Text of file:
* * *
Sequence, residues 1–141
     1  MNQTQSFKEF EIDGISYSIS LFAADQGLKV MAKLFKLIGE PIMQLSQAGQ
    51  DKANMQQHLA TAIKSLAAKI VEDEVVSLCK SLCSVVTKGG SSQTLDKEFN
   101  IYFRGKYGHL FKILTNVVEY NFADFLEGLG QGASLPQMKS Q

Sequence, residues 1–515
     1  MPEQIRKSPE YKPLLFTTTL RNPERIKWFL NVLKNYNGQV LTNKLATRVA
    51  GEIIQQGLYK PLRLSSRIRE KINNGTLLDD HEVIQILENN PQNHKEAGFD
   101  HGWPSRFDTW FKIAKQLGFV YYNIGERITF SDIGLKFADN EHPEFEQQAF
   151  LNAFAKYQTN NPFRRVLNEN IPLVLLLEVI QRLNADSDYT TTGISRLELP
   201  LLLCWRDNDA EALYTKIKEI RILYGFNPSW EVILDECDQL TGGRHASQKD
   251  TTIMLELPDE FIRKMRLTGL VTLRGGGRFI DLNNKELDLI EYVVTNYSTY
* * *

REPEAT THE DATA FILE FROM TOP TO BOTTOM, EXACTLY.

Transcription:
Sequence, residues 1–141
     1  MNQTQSFKEF EIDGISYSIS LFAADQGLKV MAKLFKLIGE PIMQLSQAGQ
    51  DKANMQQHLA TAIKSLAAKI VEDEVVSLCK SLCSVVTKGG SSQTLDKEFN
   101  IYFRGKYGHL FKILTNVVEY NFADFLEGLG QGASLPQMKS Q

Sequence, residues 1–515
     1  MPEQIRKSPE YKPLLFTTTL RNPERIKWFL NVLKNYNGQV LTNKLATRVA
    51  GEIIQQGLYK PLRLSSRIRE KINNGTLLDD HEVIQILENN PQNHKEAGFD
   101  HGWPSRFDTW FKIAKQLGFV YYNIGERITF SDIGLKFADN EHPEFEQQAF
   151  LNAFAKYQTN NPFRRVLNEN IPLVLLLEVI QRLNADSDYT TTGISRLELP
   201  LLLCWRDNDA EALYTKIKEI RILYGFNPSW EVILDECDQL TGGRHASQKD
   251  TTIMLELPDE FIRKMRLTGL VTLRGGGRFI DLNNKELDLI EYVVTNYSTY